Monday, December 24, 2007
Today’s guest is not only a talented author; she is also a full-time associate professor of educational technology at the University of Alabama. Angela Benson is the author or nine novels. Her first hardcover title, The Amen Sisters, was released in 2005. The trade paperback of The Amen Sisters was released this November.
Welcome to my blog, Angela. I’m thrilled you could stop by. Before we starting talking about The Amen Sisters, can you tell us a bit about yourself? How long have you been writing? Do you concentrate on a certain genre? What do you do in your spare time?
I'm an author with a full-time job as a university professor so I don't have much experience with the concept of spare time. Kensington Books published my first novel, Bands of Gold, back in 1994 during the launch year of Arabesque Books, their ground-breaking line of romances featuring African-American heroes and heroines.
I published five romance novels and one romance novella with Arabeseque during the 1994-1997 time frame. BET Books (now Harlequin’s Kimani Books) released a collection of three of those early books (Bands of Gold, For All Time and Between the Lines) in April 2006. I also published two novels with Silhouette Books, both in 1997, which were recently re-issued.
My first Christian fiction titles were Christian romances published by Tyndale House Publishers. Awakening Mercy hit bookshelves in 2000. It was a finalist for both the RITA Award for Excellence in Romance Fiction and the Christy Award for Excellence in Christian Fiction. Abiding Hope, winner of the EMMA Award for Excellence in Inspirational Romance Fiction, followed in 2001.
My third and most recent Christian fiction title, The Amen Sisters (Walk Worthy Press, 2005/2007) marked my entry into what is considered mainstream Christian fiction. The hard cover edition of The Amen Sisters reached #10 on Essence Magazine’s list of bestselling books in February 2006.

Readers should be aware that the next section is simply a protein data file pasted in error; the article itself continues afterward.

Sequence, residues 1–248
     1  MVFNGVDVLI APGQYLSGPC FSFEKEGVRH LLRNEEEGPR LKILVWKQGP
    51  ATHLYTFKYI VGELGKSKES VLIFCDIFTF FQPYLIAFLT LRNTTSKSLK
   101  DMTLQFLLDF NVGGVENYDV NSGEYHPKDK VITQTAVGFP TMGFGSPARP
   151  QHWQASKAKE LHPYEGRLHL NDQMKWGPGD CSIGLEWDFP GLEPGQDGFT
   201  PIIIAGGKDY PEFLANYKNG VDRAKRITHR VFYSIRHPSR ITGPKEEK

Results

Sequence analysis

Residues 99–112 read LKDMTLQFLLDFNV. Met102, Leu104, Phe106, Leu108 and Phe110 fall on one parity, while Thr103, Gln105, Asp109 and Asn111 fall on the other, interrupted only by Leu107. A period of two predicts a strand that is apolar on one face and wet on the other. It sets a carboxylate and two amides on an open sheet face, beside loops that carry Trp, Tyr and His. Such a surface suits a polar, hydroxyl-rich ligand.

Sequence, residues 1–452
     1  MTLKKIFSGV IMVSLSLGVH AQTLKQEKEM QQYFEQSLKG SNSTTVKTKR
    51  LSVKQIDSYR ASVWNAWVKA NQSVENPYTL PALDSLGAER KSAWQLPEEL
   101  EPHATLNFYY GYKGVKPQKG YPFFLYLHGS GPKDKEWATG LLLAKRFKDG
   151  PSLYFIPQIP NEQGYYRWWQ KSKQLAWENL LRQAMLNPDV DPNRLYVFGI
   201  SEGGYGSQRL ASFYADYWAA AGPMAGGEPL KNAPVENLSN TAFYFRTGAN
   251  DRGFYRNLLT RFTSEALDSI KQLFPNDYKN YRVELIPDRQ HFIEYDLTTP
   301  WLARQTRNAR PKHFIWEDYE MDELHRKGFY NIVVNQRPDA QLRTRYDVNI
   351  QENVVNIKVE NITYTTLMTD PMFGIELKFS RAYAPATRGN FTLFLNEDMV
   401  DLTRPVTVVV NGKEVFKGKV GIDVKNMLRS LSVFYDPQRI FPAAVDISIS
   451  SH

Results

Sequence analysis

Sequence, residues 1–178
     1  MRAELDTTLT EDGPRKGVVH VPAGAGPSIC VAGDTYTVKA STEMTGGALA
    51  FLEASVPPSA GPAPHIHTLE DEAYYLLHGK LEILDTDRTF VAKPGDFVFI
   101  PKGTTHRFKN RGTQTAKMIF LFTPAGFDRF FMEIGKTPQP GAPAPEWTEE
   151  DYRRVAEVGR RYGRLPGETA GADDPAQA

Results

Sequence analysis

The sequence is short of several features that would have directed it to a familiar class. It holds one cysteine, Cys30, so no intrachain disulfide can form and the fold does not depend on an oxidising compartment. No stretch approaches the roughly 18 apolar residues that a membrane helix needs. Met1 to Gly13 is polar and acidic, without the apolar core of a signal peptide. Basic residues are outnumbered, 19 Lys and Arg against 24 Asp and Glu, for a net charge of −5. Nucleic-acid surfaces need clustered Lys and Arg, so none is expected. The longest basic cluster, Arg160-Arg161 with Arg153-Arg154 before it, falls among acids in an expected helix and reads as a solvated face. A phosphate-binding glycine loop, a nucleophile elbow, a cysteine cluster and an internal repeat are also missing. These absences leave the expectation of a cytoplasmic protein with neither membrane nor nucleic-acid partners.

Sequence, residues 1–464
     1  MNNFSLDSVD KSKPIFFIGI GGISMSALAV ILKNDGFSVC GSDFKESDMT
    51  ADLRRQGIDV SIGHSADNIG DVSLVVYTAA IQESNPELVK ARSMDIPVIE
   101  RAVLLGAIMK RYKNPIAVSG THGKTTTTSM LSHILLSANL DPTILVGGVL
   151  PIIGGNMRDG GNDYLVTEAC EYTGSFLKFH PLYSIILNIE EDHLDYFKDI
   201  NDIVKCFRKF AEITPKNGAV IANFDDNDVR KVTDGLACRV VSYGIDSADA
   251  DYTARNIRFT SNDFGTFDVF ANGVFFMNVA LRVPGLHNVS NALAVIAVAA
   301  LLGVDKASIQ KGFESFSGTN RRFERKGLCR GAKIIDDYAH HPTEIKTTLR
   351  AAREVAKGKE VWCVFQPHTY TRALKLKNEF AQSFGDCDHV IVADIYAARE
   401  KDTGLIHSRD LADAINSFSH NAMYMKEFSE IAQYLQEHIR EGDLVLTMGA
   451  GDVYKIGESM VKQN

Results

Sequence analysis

My tenth novel, Up Pops the Devil, will be published by HarperCollins in September 2008.
How do you balance your writing career, a full-time job, and personal time?
Balance is another interesting concept, right up there with spare time. I believe in taking breaks. It's Christmas break now and I'm taking two weeks off from both writing and my full-time job. Well, I'm not really getting away from writing since I'm doing this blog tour, but you get my drift.
Sometime during the break, I'll work on the proposal for my book that's due in September 2008. I'll also find some time to work on an academic article for a peer-reviewed journal.
After school starts back in mid-January, I'll put the fiction writing on the back burner and focus on my academic endeavors. Then when summer rolls around, I'll finish my book that I started during Christmas break.
I'll also take a couple of vacations this summer. I spend a week each summer with girlfriends from college so I'll do that. I'll also attend an academic conference and a writing conference and take a few personal days before or after each..
I recently moved in closer proximity to my family so seeing them doesn't take as much effort as it once did.
What types of research have you done for your novels? What is the most interesting fact you’ve found out while performing research for a story?
I guess it was with Between the Lines, a story set in a newspaper room. I spent a couple of days at a small paper in an Atlanta suburb. I just sat and observed the people and their interactions. I don't remember any particular fact that I learned other than I developed a new respect for Sports reporters.
Let’s move on to The Amen Sisters. What is this book about?
The Amen Sisters is a story of recovery from an abusive church situation. The main character, Francine Amen, left her home and her family to follow a ministry that she believed was doing the work of God, only to find that the pastor and the church had secrets that would lead to the death of one of her closest friends. In her recovery, Francine has to return home and mend fences with her sister, Dawn (who’s now married to Francine’s ex-fiancé), the church family she left behind, and the family of her dead friend. Francine finds the world she left behind in a bit of turmoil and she can’t help but blame herself for some of the problems. As she tries to make things right in the present, she finds she must first make peace with what happened in the past.